We weren’t supposed to go to Siena; not originally. When we mapped out our trip, the plan was to stay in Monterosso for three nights; sort of an intermission in which we could catch our breath. But I accidentally booked our hotel for only two nights. Why? Because they write out the dates differently in Italy (e.g. July 11, 2015 is 11/7/15 instead of 7/11/15).
We weighed our options about where to go. We considered Milan, Pisa, or making the short trip to another village in the Cinque Terre. Ultimately, we landed on Siena. My foreign study trip visited it one afternoon and I remembered it being a fairly pleasant place. Late in the game—right before we left, in fact—we decided that we would take a winery tour at Castel di Pugna.
The trip to the winery was not a smooth one. Bus confusion, a boneheaded comment on my behalf, and a vicious half mile climb made me wish that I had not made my booking mistake. We finally arrived at the hill’s summit a few minutes late for our tour. Our guide greeted us and, seeing our red and tired faces, kindly offered us some water.
Once we rested a few minutes, we went back outside and took in our surroundings. We were on top of a hill overlooking the gorgeous Tuscan countryside. You could see Siena in one directions and then rolling hills, charming villas, and vineyards all around. We got off to a rough start but we rallied from there.
Our tour guide was great. Castel di Pugna has been around since at least the 12th Century and was one of three castles that stood between Siena and their bitter enemies in Florence. When Siena saw one of these castles under attack, they knew to close their city gates so that the Florentines could not get in. In the 13th Century, the castle was burnt to the ground and subsequently rebuilt. The family of this castle has been making wine since near the beginning.
EA, our tourguide, and I walked around the grounds. She showed us the olive trees, the vineyards, where the wine is pressed, and the cellar in which it is stored. We also went down into the original foundation of the house: an over 700 year old basement in which the wine was originally kept. It was all quite educational and interesting. Being the only ones on the tour, we got to ask questions and not feel like we were being herded around like sheep.
We then sat down in a room and got to sample three of their wines—Chianti Collisensi, Chianti Superiore, and Castelpugna—as well as bruschetta with the olive oil they produce plus local meats, cheeses, and honey. It was all pretty fantastic. EA and I kept saying to one another, “I’m really glad we did this.” When we were finished our guide said that we could stay there as long as we wanted. She had to go help with a dinner at the villa so we just needed to close the door. I honestly think we could have unrolled sleeping bags and stayed there the night.
After skidding back down the hill, we caught the bus back to Siena. Once back in town, we strolled through the city to Il Campo. Il Campo is a massive square in which twice a year, the city hosts a stupid dangerous but awesome-sounding horse race called the Palio. Hold on, the Palio deserves its own paragraph.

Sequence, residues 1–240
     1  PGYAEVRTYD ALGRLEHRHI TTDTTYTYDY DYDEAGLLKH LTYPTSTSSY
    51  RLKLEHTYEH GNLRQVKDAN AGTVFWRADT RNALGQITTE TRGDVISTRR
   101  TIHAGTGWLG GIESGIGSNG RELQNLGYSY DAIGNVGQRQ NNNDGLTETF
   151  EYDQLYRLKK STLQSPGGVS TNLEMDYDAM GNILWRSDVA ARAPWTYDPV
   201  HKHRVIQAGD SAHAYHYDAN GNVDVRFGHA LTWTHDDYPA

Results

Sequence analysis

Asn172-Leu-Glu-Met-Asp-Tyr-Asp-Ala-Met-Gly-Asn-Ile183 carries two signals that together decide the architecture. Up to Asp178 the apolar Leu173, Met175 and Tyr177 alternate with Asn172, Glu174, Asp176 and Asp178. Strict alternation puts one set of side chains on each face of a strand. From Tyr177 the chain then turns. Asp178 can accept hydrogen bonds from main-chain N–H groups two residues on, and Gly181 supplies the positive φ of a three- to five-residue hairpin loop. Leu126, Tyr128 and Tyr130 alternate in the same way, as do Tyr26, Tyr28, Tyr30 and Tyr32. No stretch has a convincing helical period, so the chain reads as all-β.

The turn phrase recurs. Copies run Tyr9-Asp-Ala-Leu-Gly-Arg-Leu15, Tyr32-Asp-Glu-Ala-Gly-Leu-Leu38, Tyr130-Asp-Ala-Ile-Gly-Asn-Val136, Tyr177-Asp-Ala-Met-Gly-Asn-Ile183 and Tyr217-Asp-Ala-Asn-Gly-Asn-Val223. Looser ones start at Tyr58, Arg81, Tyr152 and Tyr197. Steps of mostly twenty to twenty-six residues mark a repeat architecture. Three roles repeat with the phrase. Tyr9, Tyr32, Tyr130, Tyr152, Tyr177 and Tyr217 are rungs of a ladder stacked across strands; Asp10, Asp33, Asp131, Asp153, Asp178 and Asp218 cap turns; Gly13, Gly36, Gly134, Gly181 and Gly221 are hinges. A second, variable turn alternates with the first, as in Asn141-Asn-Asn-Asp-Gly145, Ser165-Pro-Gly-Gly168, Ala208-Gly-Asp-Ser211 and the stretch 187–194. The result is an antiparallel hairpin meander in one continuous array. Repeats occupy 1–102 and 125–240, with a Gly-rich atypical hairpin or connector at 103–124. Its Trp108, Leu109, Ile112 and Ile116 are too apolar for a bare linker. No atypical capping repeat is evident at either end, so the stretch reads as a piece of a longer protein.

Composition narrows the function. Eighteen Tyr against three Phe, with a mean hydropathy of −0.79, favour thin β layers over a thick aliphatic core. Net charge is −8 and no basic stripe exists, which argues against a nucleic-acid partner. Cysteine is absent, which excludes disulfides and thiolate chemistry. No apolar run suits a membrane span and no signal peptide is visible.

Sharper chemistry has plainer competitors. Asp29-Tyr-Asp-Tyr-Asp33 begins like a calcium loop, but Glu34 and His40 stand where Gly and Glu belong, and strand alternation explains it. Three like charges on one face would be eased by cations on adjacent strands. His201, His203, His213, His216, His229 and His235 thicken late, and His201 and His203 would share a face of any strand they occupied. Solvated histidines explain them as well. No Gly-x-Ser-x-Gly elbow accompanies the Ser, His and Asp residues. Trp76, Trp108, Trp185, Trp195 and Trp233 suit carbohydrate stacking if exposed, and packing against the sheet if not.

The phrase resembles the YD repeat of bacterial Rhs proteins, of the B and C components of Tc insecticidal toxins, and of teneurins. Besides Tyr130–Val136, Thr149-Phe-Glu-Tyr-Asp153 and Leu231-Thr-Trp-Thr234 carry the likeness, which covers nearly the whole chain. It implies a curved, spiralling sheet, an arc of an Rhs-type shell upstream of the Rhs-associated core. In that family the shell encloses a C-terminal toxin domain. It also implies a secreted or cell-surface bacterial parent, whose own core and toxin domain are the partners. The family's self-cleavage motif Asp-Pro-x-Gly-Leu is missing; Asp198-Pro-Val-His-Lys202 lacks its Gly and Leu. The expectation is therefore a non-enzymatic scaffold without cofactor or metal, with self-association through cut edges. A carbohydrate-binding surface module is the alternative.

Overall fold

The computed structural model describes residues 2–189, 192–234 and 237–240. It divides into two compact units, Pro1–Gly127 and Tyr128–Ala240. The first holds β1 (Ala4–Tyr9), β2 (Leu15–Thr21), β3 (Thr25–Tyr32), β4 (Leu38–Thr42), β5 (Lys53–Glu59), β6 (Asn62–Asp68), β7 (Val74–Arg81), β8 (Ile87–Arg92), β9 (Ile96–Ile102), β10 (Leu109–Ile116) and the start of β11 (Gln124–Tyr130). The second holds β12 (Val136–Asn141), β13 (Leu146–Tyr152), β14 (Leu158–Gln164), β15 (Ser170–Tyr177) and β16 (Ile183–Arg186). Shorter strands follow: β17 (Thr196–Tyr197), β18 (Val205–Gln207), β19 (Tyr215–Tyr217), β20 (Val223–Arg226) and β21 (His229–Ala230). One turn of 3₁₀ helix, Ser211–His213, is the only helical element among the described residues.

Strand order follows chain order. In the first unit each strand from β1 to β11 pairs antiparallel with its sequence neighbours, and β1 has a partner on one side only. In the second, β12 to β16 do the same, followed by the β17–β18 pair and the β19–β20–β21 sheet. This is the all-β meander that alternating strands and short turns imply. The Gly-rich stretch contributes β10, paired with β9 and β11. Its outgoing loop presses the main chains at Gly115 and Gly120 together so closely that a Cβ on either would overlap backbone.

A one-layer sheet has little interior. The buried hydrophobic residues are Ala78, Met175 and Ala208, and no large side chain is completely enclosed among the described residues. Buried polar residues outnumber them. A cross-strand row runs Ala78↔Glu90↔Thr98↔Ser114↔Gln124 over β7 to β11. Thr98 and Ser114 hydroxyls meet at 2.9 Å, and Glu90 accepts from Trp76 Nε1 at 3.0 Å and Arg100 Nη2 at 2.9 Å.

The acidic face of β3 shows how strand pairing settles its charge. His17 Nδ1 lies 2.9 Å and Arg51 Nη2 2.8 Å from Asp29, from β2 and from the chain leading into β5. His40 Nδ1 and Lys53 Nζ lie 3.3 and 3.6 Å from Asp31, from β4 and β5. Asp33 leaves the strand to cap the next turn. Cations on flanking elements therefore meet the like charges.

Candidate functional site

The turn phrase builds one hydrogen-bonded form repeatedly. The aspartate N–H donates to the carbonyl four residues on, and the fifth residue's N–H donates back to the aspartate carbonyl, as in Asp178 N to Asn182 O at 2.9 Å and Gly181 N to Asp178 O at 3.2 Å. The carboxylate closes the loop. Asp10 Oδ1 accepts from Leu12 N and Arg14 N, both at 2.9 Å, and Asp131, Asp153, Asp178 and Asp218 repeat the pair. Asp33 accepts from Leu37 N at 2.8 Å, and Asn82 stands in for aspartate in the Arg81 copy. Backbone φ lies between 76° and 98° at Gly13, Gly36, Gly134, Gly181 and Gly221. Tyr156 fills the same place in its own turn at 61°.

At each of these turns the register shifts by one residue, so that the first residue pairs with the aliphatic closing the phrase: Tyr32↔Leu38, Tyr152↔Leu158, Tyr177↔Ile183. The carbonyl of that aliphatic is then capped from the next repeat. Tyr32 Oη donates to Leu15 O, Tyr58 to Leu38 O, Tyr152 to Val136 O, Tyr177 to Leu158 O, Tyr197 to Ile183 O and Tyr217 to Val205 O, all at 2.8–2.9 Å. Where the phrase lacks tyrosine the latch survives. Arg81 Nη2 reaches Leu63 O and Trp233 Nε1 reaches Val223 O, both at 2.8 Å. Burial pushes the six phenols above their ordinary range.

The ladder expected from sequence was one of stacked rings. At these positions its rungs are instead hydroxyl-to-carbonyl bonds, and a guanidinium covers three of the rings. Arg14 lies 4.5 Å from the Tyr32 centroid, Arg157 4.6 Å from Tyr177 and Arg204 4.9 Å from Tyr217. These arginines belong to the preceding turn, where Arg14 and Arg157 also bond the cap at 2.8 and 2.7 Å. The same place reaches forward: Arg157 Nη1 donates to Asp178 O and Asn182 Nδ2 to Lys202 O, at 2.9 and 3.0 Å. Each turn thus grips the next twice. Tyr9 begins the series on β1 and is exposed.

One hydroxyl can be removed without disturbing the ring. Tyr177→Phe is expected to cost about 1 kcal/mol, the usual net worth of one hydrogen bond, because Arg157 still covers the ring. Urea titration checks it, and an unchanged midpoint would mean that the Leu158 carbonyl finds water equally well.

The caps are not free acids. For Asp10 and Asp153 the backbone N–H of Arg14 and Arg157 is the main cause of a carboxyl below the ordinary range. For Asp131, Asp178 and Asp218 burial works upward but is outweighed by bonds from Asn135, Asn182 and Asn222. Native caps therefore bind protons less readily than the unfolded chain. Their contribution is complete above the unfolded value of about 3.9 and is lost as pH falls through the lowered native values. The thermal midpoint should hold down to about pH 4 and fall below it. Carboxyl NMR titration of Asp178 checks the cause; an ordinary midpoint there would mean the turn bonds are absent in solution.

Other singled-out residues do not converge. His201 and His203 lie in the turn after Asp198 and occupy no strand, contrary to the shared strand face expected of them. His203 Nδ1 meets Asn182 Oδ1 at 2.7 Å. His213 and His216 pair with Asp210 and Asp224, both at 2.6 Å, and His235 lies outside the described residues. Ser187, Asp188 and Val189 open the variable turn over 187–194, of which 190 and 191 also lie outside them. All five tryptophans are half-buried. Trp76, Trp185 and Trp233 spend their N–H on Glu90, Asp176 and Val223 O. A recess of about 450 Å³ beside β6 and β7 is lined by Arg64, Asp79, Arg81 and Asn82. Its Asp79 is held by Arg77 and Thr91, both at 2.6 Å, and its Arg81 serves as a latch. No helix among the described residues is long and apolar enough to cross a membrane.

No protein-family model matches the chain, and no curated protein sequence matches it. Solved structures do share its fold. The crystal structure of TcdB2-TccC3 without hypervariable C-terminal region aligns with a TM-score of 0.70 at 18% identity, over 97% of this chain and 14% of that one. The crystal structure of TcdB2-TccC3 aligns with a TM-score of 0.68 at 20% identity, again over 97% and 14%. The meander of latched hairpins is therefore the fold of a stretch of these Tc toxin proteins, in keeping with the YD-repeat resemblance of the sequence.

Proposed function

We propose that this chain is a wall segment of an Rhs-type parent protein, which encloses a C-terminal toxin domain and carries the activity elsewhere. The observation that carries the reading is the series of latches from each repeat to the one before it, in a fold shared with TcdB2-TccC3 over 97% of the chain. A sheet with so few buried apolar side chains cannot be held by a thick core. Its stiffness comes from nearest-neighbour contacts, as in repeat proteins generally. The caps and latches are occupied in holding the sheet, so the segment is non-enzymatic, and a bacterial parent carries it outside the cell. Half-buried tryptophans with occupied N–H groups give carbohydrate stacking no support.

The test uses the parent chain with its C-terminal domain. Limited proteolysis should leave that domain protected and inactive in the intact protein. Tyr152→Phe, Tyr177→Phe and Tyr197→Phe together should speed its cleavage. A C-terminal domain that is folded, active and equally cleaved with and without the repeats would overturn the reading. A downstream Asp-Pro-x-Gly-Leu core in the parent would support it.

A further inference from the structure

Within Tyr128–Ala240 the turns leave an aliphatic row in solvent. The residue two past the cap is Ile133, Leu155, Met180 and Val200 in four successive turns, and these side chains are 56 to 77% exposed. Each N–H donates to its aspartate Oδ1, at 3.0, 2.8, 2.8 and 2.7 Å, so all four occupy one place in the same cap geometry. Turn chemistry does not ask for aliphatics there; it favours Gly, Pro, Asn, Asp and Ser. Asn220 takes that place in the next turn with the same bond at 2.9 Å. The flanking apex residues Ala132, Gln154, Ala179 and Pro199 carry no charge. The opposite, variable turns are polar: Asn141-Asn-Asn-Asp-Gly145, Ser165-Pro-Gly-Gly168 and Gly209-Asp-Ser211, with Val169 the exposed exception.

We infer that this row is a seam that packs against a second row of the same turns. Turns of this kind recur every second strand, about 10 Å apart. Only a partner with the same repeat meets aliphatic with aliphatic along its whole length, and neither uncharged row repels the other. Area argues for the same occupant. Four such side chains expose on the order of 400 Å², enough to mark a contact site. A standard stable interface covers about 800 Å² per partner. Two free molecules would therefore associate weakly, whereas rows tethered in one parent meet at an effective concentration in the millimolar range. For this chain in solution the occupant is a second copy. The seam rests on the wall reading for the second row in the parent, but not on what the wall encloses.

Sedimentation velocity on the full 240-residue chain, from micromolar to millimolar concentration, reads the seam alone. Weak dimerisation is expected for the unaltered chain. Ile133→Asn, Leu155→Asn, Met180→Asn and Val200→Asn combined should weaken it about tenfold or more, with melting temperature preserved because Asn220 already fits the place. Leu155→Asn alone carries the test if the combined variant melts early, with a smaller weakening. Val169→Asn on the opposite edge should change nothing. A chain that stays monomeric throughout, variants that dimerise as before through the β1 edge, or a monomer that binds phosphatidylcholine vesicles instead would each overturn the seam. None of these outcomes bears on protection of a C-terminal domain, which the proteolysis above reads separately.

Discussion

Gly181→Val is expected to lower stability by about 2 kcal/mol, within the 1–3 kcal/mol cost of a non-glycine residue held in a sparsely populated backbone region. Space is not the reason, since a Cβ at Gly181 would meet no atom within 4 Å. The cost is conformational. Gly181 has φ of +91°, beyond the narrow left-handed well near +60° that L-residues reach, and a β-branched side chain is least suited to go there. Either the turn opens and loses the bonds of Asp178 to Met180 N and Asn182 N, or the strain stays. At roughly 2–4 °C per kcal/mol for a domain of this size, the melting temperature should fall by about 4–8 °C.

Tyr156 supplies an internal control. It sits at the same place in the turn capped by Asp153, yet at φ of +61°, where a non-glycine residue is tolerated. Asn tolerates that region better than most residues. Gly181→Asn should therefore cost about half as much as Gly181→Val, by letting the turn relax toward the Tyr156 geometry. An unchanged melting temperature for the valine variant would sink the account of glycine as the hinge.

In the Palio, ten of the seventeen city wards (a lottery decides the competitors) race one another for glory. Each ward has its own mascot and they range from the typical (Aquila is repped by the eagle) to the bizarrely awesome (Istrice is the Crested Porcupine) The best way I can explain it to southern readers is: Take the passion around high school football. Now imagine that there were only two games played a year. Except every team plays in those games. And there are hundreds of years of rivalry between everyone. Oh, and the ward that hasn't won a Palio for the most years is called "the Grandmother." In the race, riders frequently get thrown off on hairpin turns, yet a horse can still win the race without its rider. It sounds crazy and possibly unethical. It also sounds kind of amazing.
Back to our day: Il Campo was bustling with activity. Diners in outdoor cafes were chatting along the perimeter. Tourists were snapping pictures. Many were just sitting out in the square and enjoying the early evening. It was lovely; peaceful yet alive with energy.
And then I remembered something about that square in Siena. We came there one afternoon after my several miserable days in Florence. When we got to Siena, the sun cracked through the clouds for the first time in what seemed like forever. We sat in that same square and I remember kids running around, laughing, and playing in the sun. It had been a rough set of days, but I remember thinking to myself, “You know what? Things are going to be okay.”
As the memories came flooding back, I told that story to EA. I smiled. Coming to Siena was not part of the plan, but I’m grateful that we came here. I’m grateful that I remembered that afternoon over a decade ago. I’m grateful that I got to bring EA to that place and tell her that story. It is a small matter, a blip in my life’s story. But it’s a good memory and those are always welcome. It was nice to add new memories on this happy accident of a trip.